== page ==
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As part of my homework I've the following problem:

Find the shortest path from corner $S$ to corner $F$ (the spider should walk on the surface).

enter image description here

I have to use calculus to solve the problem (more specifically using the absolute min/max theorems).

I'm struggling to come up with a "primary function" to derive and apply the absolute max/min theorems.

My guess is that i have to find the shortest path from corner $S$ to the end of the common edge (between the planes) and add to that the shortest path from that edge the corner $F$, but i'm unable to construct appropriate function (should i use the distance formula?).

Thanks.

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My guess is that i have to find the shortest path from corner S to the end of the common edge (between the planes) and add to that the shortest path from that edge the corner F

No. The shortest path is not the sum of the shortest paths to the edge. If the spider insists on walking along the shortest path from the spider to the edge, and then along the shortest path from the edge to the fly, it will have to walk some additional distance along the edge to do that (resulting in a total distance of 3).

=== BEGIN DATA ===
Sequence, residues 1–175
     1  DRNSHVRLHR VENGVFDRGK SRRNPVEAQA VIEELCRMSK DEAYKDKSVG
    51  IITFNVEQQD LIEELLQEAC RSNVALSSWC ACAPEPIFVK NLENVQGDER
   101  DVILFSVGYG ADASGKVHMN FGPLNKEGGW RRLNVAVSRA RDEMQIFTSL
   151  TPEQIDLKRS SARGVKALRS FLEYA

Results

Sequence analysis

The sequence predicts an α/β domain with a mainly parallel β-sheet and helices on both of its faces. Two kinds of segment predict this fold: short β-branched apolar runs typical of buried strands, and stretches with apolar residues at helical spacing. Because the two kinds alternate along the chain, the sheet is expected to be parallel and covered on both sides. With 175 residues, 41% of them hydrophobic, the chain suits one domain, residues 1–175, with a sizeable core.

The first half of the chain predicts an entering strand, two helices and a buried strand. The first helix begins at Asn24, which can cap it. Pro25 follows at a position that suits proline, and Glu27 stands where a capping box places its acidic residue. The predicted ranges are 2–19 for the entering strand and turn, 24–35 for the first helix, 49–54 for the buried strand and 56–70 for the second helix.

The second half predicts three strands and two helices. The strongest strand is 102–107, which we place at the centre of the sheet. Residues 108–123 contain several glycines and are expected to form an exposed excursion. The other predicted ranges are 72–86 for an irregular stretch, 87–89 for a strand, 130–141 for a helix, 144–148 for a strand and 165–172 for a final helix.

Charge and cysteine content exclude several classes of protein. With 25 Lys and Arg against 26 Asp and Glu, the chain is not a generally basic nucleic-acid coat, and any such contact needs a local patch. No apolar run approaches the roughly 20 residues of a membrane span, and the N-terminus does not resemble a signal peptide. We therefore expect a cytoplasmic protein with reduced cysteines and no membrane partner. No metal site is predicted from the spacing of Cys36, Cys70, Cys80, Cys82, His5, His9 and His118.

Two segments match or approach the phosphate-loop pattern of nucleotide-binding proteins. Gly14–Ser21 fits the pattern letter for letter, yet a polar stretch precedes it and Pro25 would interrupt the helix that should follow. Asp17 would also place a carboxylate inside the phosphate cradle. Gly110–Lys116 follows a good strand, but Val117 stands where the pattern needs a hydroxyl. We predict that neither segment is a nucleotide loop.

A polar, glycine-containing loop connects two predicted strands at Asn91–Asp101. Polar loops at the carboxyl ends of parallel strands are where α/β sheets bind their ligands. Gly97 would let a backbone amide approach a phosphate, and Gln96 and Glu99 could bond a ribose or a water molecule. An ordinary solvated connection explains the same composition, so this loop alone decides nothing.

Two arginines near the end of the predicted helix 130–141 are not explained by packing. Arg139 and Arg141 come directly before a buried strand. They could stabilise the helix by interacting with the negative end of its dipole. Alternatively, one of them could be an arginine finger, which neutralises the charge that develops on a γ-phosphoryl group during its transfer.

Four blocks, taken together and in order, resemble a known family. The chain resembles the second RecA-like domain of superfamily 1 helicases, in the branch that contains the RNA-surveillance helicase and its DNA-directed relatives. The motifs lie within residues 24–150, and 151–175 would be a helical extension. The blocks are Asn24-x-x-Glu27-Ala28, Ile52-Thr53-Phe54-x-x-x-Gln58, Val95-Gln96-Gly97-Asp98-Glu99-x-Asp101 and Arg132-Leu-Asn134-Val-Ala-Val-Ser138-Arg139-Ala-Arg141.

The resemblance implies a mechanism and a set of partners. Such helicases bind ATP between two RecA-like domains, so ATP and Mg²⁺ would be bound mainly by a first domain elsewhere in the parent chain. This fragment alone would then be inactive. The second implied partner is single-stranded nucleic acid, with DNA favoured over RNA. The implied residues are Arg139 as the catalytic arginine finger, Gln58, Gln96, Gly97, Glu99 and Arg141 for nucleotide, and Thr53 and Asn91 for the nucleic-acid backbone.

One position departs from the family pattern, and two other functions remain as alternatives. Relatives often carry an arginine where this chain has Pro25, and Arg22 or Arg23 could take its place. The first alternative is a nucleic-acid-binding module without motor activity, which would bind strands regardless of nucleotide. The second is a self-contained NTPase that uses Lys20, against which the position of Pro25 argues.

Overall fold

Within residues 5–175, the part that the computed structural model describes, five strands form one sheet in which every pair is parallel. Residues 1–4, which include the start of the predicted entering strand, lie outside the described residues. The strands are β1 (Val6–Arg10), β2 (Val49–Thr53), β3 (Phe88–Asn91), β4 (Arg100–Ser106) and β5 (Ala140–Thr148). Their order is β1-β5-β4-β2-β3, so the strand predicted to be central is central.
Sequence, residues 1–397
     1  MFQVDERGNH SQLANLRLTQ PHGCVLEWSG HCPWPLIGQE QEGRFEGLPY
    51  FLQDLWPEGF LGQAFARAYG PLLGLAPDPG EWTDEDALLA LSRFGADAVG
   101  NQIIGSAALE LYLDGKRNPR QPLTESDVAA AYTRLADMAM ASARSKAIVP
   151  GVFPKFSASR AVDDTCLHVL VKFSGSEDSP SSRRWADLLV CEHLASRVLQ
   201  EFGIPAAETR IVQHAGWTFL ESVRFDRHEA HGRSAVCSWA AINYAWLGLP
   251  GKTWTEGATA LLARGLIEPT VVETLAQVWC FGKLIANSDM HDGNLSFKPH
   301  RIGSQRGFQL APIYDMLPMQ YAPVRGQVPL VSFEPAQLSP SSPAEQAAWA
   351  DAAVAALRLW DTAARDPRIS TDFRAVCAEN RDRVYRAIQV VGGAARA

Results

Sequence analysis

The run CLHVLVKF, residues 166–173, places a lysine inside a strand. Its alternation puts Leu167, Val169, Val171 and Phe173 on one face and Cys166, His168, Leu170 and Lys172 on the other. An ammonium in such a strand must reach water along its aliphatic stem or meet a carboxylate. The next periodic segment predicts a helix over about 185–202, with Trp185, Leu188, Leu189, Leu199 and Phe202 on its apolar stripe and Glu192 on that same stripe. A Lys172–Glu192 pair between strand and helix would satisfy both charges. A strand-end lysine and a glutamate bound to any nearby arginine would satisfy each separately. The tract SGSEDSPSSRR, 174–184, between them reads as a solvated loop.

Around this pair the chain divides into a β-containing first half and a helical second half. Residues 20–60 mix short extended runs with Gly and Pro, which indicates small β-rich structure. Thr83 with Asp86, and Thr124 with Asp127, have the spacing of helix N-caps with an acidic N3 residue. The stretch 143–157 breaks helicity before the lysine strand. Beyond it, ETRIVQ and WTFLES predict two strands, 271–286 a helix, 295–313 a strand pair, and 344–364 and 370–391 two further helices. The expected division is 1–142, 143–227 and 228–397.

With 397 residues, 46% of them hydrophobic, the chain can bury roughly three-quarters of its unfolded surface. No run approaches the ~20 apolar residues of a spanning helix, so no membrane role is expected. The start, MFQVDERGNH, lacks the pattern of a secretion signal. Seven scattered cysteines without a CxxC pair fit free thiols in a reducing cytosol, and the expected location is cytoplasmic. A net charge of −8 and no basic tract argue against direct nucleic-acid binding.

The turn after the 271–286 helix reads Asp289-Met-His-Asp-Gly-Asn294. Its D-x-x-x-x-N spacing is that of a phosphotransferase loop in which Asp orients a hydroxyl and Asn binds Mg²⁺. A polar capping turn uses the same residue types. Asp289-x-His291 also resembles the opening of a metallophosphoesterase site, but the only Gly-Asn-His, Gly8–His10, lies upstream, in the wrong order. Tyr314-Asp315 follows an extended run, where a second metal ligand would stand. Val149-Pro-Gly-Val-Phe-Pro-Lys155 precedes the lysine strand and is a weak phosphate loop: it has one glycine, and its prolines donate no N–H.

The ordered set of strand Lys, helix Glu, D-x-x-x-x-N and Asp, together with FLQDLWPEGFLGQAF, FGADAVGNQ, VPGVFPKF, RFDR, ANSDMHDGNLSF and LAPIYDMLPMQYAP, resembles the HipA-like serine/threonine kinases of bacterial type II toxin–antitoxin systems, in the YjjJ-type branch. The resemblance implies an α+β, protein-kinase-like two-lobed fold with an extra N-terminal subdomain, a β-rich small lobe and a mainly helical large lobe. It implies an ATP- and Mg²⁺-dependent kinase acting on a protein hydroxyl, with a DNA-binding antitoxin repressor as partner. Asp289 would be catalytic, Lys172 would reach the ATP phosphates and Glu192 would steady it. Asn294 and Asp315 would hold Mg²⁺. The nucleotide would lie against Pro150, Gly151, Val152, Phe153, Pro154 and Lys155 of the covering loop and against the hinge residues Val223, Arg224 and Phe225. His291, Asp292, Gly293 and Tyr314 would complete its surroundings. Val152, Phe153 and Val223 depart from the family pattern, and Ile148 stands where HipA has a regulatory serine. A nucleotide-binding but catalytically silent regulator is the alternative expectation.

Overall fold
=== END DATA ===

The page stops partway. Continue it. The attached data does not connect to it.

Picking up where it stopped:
Instead the spider walks towards the edge diagonally, and travels a distance $\sqrt{1+d^2}$ (Pythagoras) by the time it reaches the edge, and then it travels a further distance of $\sqrt{1+(1-d)^2}$ to get to the fly.

So you should minimize $$\sqrt{1+d^2}+\sqrt{1+(1-d)^2}$$

enter image description here

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  • $\begingroup$ where $\sqrt{1+(1-d)^2}$ comes from? $\endgroup$ – Hanan N. May 9 '16 at 16:20
  • $\begingroup$ Also Pythagoras - see edited image $\endgroup$ – Wouter May 9 '16 at 16:41
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HINT

Imagine that the cube "unfolds" and you have yourself a $2D$-problem, where the shortest path is a line.

The distance that it will have to travel then, will be the diagonal of an orthogonal parallelogram of sides $2$ and $1$, since the length of the side of the originbal cube is equal to $1$.

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    $\begingroup$ +1 Not strictly an answer, since the OP says "I have to use calculus", but I think restrictions like that are silly! $\endgroup$ – almagest May 9 '16 at 9:11
  • $\begingroup$ @almagest haha Thanks for the upvote! Well, I do hope that intuitively it will also help with the calculus part. (Restrictions when solving a problem? Unheard of!) $\endgroup$ – MathematicianByMistake May 9 '16 at 9:16

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